ERIC Number: ED198922
Record Type: RIE
Publication Date: 1976-May
Reference Count: 0
Classroom Behavior and Achievement Test Performance at the Kindergarten and First Grade Level.
Landsberger, Betty H.; And Others
This paper reports the results of a study which examined the longitudinal relationships between young children's classroom behavior and their performance on achievement tests. Subjects were 235 children who made up the first cohort to attend kindergarten in the public schools of North Carolina. Data were collected at four points: at the beginning and end of kindergarten, and at the beginning and end of grade one. Subjects' behavior factors of extraversion, social behavior, and task orientation were measured at the four points by the Schaefer-Aaronson Classroom Behavior Inventory. Their achievement performance at the end of grade one was measured on five subtests of the Stanford Achievement Test (word reading, paragraph meaning, vocabulary, word study skills, and arithmetic). Among the results, Pearson product moment correlations and multiple regression analysis revealed that of the three independent variables, task orientation had the strongest and the most consistent relationship to achievement. The relationship of extraversion to achievement, while strong at the beginning of the first grade, decreased by the end of the year. Discussion of these findings centered on the assertion that children low on reading achievement at the end of first grade are at risk at this time of being less extraverted, more hostile in their social behavior and less task oriented than when they began kindergarten. (Author/MP)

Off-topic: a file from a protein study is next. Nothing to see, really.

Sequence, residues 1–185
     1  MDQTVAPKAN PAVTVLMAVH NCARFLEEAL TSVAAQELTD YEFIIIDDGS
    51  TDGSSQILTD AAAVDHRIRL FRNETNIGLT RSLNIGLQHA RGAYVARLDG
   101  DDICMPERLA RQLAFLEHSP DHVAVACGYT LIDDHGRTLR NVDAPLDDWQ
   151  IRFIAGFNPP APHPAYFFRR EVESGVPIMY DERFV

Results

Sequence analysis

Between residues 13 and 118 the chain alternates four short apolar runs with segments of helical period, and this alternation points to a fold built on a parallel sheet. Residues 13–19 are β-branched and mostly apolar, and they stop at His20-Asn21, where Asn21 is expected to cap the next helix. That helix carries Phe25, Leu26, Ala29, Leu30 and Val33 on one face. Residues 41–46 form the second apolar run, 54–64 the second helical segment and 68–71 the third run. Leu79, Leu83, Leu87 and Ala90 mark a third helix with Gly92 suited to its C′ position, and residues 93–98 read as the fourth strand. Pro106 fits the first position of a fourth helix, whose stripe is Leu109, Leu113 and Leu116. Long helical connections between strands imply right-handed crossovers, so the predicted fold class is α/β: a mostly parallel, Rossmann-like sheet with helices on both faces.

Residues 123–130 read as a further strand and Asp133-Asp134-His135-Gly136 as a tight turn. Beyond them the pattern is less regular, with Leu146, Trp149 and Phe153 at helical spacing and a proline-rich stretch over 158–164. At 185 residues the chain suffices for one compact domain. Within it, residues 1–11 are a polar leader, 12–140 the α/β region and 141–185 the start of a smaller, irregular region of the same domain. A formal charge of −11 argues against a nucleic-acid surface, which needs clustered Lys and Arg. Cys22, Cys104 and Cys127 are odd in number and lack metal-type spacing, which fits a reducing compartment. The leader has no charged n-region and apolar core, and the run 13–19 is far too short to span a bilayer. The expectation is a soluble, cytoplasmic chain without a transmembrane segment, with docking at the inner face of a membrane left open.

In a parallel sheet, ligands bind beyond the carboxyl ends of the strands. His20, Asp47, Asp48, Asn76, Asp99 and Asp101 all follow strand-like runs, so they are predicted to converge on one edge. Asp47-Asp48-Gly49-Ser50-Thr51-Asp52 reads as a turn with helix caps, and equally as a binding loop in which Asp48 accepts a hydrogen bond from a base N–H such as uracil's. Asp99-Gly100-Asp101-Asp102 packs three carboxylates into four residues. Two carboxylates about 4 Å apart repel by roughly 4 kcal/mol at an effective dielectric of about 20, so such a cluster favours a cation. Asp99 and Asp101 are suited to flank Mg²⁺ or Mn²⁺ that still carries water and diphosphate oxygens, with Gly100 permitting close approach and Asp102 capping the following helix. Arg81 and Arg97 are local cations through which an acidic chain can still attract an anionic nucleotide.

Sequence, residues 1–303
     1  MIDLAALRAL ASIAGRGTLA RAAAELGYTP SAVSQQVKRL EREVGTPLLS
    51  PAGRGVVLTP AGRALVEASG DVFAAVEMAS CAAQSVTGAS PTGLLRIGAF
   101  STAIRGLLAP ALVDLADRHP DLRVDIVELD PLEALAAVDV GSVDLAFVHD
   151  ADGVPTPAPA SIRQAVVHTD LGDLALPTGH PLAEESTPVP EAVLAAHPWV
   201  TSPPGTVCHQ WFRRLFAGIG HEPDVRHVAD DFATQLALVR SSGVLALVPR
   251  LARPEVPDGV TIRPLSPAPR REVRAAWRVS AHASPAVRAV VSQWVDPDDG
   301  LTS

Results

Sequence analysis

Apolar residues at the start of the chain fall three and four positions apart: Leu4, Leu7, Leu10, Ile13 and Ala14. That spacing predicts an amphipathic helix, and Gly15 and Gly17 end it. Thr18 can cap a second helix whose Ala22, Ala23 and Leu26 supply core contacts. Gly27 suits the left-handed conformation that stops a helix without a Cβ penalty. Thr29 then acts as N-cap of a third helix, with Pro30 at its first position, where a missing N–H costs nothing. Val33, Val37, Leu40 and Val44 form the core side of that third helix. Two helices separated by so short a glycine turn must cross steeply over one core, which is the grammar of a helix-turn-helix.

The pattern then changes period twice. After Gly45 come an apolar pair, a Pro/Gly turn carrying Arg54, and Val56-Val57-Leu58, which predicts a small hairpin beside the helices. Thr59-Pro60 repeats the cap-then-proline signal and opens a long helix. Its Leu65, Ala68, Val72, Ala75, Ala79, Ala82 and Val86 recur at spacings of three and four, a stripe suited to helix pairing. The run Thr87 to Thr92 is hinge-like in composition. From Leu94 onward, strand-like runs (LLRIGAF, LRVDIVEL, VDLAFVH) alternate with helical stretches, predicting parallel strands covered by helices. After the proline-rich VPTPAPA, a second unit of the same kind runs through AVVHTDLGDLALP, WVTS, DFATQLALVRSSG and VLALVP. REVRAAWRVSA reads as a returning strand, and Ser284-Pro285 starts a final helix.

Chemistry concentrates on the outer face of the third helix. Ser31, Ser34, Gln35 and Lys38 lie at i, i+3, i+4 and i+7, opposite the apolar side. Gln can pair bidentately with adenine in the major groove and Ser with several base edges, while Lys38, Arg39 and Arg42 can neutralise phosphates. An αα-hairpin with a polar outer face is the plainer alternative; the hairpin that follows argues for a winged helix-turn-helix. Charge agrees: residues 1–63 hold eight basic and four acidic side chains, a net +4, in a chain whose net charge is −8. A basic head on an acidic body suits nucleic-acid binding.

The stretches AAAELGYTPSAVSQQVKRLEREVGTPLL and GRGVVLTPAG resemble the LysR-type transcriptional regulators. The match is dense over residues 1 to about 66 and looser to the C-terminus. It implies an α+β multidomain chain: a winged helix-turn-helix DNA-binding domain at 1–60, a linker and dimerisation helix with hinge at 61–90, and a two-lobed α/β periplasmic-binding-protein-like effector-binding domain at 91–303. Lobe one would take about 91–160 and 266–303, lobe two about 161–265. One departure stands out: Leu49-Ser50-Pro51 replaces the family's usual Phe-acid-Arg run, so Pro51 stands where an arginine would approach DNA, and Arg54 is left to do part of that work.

Publication Type: Reports - Research; Speeches/Meeting Papers
Education Level: N/A
Authoring Institution: N/A
Identifiers: Extraversion Introversion; Task Orientation
Note: Paper presented at the Annual Meeting of the North Carolina Association for Research in Education (May 1976).